PHOENIX -- One of the Arizona Diamondbacks' top prospects, Kristian Robinson, won't begin this season in the minor leagues, more than one year after he was arrested for allegedly punching an Arizona Department of Public Safety officer in the face.
Robinson, who was 19 at the time of the arrest, was charged with aggravated assault of a peace officer. Now 20, he is currently in his native country of Bahamas and working through visa issues related to his legal situation, according to his agent Kris Glazier.
Robinson was arrested on April 5, 2020, just a few weeks after the COVID-19 pandemic shut down much of the world, including professional baseball. The outfielder said in a statement that he was struggling with mental health issues.
According to police records, Robinson was found by officers on the side of Interstate 10 in the Phoenix area. The officer's statement said Robinson began walking into traffic lanes so he asked him to sit in the back of the patrol car and offered him a ride to the hospital. Robinson initially agreed.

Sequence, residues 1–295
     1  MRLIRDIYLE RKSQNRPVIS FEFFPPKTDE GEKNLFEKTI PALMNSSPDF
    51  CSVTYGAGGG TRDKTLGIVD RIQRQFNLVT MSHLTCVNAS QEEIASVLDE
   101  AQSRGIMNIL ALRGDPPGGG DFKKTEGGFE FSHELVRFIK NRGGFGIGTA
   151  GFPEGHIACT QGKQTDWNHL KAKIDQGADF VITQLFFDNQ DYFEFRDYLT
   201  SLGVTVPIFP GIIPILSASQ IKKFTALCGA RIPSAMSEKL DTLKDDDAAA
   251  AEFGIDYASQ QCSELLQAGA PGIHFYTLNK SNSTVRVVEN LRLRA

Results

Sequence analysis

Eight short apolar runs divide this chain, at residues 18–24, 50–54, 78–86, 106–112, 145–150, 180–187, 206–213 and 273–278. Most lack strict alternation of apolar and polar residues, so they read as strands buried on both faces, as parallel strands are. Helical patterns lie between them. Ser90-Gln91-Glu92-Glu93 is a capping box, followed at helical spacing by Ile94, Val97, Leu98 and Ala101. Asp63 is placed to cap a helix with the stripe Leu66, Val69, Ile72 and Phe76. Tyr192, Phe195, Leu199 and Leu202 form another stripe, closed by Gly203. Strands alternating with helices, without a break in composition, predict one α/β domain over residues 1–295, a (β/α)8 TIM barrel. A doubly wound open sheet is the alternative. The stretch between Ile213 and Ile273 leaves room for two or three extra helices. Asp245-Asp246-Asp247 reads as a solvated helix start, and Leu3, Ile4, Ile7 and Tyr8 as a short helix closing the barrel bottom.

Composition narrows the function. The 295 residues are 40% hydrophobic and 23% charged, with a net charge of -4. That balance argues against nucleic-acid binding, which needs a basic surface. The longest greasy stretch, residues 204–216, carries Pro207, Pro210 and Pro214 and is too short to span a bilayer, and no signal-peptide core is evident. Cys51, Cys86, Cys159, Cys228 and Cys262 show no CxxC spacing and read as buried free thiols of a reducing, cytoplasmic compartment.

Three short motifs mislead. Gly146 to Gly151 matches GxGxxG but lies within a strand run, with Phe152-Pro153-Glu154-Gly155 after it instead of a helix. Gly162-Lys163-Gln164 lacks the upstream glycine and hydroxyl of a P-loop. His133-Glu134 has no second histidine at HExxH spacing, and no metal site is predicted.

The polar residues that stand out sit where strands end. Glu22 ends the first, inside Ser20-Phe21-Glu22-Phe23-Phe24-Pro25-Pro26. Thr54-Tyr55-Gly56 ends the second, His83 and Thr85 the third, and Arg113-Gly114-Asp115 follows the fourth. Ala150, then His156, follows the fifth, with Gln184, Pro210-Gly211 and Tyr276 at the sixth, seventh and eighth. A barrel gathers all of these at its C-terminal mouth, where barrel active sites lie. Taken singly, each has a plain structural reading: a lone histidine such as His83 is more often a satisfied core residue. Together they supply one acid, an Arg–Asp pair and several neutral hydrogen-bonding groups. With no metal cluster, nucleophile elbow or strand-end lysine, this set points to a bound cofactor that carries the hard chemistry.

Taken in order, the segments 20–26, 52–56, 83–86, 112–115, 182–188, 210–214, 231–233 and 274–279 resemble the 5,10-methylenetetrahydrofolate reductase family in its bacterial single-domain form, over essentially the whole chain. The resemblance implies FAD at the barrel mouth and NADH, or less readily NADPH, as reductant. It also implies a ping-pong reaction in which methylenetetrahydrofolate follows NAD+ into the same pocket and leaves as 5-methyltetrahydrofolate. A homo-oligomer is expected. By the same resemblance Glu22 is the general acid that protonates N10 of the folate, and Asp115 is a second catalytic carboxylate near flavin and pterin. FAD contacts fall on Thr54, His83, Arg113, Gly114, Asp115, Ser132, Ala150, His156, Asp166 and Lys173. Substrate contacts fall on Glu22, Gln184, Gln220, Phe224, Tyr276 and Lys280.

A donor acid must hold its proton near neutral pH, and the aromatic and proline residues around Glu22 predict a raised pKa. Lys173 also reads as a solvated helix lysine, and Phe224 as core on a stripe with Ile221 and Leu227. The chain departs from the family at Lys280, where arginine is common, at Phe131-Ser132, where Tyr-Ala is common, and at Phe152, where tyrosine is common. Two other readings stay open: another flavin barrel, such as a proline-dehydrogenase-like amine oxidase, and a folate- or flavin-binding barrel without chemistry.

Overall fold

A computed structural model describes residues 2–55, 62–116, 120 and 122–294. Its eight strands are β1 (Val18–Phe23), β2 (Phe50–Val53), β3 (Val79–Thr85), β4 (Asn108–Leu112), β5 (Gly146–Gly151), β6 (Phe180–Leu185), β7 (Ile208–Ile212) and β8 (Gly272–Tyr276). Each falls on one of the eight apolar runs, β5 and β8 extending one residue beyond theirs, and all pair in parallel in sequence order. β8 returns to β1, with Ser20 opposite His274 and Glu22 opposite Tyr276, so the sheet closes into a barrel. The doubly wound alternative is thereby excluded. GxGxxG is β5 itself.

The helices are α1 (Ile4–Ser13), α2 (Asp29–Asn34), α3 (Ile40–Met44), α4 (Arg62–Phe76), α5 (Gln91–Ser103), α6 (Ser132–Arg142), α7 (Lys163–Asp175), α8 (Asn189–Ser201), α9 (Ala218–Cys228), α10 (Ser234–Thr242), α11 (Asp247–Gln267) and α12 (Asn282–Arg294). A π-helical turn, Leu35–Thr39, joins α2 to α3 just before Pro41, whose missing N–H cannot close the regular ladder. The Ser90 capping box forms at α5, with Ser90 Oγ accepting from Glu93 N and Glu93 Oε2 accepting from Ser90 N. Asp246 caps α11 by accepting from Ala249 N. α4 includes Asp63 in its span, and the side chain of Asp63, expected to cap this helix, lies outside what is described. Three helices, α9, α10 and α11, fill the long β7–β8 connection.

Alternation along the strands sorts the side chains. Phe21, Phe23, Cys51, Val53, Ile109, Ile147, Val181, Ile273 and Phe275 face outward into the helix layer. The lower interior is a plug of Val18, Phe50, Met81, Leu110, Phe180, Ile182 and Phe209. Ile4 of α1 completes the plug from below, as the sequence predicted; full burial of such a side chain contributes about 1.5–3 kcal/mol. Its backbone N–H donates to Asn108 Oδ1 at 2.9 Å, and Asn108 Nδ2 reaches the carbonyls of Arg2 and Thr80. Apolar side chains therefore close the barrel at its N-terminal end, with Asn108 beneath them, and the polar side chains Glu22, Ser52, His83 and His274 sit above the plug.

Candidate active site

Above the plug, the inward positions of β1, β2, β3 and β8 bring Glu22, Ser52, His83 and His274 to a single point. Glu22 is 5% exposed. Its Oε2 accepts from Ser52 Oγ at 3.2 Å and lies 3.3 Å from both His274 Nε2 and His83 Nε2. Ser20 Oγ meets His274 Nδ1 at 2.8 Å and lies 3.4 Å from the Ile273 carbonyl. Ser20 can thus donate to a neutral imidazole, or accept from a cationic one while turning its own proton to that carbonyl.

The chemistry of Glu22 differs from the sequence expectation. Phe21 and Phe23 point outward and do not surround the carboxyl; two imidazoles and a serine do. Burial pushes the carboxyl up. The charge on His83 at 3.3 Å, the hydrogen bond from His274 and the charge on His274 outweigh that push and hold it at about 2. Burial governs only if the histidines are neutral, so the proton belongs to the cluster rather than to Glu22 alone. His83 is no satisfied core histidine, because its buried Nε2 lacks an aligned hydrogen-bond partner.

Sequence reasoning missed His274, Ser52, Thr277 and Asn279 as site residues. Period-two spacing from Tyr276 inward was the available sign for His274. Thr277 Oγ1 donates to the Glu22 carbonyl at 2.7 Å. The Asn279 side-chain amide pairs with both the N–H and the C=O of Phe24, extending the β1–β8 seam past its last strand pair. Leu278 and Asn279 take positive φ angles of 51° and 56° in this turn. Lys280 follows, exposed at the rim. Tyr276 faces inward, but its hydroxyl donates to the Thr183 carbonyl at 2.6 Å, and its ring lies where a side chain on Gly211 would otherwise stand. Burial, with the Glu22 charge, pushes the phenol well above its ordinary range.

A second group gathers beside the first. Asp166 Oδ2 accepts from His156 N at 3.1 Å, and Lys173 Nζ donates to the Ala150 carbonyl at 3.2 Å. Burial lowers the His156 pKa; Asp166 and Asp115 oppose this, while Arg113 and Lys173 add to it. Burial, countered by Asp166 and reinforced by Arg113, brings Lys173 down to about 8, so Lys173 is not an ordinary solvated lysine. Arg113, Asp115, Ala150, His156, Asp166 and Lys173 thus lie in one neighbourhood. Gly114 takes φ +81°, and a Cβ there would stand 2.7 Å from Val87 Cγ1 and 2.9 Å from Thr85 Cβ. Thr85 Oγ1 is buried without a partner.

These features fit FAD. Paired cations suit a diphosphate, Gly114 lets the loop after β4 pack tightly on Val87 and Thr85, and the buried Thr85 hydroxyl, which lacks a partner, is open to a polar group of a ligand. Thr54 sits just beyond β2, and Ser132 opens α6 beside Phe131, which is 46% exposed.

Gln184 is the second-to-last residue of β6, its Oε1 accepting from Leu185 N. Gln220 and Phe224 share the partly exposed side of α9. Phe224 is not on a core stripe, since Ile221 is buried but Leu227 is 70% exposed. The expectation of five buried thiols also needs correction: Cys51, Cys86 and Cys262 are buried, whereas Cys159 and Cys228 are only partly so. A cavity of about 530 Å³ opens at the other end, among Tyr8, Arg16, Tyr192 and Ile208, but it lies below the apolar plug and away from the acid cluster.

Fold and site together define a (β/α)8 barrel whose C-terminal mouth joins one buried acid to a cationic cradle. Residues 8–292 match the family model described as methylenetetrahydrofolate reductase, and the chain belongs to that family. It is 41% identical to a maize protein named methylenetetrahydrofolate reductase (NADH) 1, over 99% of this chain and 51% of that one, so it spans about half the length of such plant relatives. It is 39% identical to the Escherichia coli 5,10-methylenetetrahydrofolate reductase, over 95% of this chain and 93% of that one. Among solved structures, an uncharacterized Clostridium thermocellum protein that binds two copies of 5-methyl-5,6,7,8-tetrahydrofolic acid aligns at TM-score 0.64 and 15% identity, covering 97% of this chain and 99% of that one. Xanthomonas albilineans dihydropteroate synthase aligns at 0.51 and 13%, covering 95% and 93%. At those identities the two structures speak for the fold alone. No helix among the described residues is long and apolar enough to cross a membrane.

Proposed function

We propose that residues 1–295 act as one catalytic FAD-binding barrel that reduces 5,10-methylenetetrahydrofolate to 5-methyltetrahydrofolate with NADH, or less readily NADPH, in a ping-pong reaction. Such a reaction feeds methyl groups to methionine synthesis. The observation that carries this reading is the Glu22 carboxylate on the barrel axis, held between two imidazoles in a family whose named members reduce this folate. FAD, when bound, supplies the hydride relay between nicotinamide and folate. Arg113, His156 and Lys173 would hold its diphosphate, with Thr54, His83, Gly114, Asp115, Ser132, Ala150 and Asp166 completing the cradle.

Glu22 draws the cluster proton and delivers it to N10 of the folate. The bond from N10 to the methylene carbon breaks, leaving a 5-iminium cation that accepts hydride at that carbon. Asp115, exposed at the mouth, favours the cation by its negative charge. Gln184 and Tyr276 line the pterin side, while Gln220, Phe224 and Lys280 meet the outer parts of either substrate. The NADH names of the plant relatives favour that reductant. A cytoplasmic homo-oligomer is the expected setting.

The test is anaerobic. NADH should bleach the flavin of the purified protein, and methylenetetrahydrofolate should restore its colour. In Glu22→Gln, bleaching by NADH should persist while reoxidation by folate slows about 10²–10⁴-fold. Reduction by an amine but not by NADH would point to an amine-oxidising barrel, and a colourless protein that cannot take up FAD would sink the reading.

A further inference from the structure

But after the officer asked Robinson to put on his seat belt, the baseball player attempted to exit the car and punched the officer in the face, according to the report. He was subsequently arrested.
"Like so many, last year I was struggling to manage the stress of my personal life, the shutdown of the game I love and the overall global pandemic," Robinson said in a statement issued by the team this week. "While struggling with my mental health I acted out of character and I was involved in an incident that I take full responsibility for. I would like to apologize to Trooper Lough and to my family, teammates, coaches and the D-backs organization, who I am extremely grateful to for supporting me through this very difficult situation."
The Diamondbacks said they did not condone Robinson's behavior and that they "have been intimately involved in helping Kristian deal with these personal issues since they first took place last year, working closely with him and his representatives to address these challenges.
"... We have personally known Kristian for more than four years and believe in him as a person and have witnessed first-hand the steps he has taken to address these issues, get the help he needs, and commit himself to being better in the future."